Presidential candidates' gun rights views impacting voters

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EAU CLAIRE, Wisc. (WEAU) - Gun rights have become a hot topic in this year's presidential race, with the two candidates squaring off on gun issues during the crucial debates.

Both President Obama and Republican candidate Mitt Romney acknowledged the need to uphold the Second Amendment, but also to regulate guns, in Tuesday's debate.

"Part of it is seeing if we can get an assault weapons ban reintroduced, but part of it is also looking at other sources of the violence," Obama said.

"I'm not in favor of new pieces of legislation on - on guns and - and taking guns away or - or making certain guns illegal," Romney said.

Both candidates said a focus on supporting current law enforcement, and education would help reduce violent crime, but didn't say they would make any changes to current laws a priority.

"The time to run to either the far left or the far right is over. And now the time is to run back to the middle and gather up the independents and the moderate folks that are still there, both candidates tried to do that last night," WEAU political analyst John Frank said.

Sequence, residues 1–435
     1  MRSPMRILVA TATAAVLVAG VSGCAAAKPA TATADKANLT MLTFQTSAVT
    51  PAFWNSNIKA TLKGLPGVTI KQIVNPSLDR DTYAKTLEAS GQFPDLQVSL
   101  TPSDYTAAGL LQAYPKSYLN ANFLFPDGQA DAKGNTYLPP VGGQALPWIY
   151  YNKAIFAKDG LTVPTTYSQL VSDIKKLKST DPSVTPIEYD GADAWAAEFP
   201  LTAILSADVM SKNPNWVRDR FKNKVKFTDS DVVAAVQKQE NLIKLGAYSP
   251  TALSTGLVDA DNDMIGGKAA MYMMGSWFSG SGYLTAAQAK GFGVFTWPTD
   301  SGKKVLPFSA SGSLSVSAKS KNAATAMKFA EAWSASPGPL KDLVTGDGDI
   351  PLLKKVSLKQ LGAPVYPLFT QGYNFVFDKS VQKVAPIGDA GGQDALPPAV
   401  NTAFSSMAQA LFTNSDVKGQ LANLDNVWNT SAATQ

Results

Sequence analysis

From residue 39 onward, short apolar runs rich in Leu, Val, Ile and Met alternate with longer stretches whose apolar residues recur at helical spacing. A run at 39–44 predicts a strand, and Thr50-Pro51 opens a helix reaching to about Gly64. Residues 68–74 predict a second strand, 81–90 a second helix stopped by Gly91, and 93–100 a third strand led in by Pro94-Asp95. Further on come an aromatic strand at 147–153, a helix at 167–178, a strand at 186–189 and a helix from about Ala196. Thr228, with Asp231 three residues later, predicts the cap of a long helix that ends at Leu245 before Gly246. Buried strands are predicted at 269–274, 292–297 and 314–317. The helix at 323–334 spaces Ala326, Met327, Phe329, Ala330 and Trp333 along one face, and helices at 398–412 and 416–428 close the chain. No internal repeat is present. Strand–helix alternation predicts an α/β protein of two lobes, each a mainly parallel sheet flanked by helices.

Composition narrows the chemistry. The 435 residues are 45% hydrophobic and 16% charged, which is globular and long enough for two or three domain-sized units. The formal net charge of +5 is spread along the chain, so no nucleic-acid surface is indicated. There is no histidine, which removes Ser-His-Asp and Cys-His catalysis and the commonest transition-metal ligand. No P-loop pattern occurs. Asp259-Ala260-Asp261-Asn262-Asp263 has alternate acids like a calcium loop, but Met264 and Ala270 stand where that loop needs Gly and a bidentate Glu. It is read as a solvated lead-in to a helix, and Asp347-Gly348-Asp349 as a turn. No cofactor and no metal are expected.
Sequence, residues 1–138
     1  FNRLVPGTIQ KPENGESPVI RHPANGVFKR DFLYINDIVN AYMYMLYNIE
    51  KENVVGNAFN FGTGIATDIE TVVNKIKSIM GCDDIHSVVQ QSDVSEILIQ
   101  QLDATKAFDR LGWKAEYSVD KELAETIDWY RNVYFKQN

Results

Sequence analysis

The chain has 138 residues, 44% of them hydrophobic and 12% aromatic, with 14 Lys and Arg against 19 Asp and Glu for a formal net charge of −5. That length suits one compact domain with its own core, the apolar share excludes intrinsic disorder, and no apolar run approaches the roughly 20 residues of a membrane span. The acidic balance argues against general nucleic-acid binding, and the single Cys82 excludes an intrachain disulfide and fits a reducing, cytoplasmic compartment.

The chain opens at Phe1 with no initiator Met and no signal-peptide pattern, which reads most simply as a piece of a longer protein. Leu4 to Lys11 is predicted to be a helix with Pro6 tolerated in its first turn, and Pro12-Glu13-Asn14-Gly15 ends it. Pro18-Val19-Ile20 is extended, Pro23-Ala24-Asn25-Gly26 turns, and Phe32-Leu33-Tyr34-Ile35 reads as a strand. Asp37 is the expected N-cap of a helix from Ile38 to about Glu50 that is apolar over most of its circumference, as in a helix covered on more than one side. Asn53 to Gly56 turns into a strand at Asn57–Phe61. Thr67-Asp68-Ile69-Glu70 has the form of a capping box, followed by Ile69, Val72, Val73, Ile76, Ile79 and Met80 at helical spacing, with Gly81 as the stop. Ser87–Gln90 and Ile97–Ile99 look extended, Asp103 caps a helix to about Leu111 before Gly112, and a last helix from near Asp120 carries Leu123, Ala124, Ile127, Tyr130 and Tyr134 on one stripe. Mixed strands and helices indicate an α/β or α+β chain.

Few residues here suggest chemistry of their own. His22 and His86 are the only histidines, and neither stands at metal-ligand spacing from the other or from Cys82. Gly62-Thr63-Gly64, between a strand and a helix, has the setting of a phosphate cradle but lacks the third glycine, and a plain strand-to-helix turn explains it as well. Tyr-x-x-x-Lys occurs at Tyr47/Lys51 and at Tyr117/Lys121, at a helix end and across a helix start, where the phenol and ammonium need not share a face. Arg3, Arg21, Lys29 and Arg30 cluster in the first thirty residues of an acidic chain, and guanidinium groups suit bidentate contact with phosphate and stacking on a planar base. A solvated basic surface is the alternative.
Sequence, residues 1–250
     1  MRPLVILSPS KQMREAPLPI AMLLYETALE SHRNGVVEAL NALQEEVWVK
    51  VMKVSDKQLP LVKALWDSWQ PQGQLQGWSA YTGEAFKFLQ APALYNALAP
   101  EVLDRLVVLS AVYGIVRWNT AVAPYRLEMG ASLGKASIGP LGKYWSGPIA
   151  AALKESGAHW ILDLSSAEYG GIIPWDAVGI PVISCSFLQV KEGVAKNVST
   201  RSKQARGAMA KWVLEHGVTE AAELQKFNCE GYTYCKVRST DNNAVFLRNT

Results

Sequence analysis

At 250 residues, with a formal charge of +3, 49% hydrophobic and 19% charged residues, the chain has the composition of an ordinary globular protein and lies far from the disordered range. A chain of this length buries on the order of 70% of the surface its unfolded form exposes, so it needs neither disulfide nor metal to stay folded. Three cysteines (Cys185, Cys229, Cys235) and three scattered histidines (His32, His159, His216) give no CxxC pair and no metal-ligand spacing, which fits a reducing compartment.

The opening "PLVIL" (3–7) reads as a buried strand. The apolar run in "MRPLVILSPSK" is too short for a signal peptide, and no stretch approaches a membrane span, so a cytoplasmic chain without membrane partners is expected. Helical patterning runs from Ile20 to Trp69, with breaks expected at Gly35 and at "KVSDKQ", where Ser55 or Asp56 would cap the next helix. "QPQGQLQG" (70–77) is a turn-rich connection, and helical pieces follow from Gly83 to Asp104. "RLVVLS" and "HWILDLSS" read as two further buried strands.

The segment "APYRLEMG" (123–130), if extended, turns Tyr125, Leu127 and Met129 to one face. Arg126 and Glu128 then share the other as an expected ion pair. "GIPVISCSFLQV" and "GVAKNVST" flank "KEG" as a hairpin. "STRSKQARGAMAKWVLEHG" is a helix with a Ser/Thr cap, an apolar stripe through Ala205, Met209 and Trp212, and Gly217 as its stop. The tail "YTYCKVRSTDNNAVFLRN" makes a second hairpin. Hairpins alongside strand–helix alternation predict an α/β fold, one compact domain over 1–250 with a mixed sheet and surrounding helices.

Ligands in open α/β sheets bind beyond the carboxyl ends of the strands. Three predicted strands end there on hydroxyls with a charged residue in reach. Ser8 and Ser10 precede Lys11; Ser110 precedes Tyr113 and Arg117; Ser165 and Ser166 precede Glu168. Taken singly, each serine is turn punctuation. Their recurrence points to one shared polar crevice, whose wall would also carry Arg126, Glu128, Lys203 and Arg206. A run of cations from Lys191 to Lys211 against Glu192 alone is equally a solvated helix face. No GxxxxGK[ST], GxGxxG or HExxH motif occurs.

"Anytime you start messing with the bill of rights, there's going to be angry people that are upset about it. Clearly, the economy is the number one issue, but gun control issues are definitely there and people are single issue voters on that issue alone," C & C Pawn part-owner Chad Olson of Eau Claire said.

"(The National Rifle Association) is out big time for Mitt Romney ... This issue does have legs. Take a look at the battleground states. There are a lot of hunters out in Virginia, New Hampshire, Ohio, Wisconsin, Iowa, Nevada, Colorado; those are all states with a lot of hunters," Frank said.

Olson said assault weapon sales have not increased like they did before the last presidential election, but with many concerned about possible changes, overall, gun sales are up.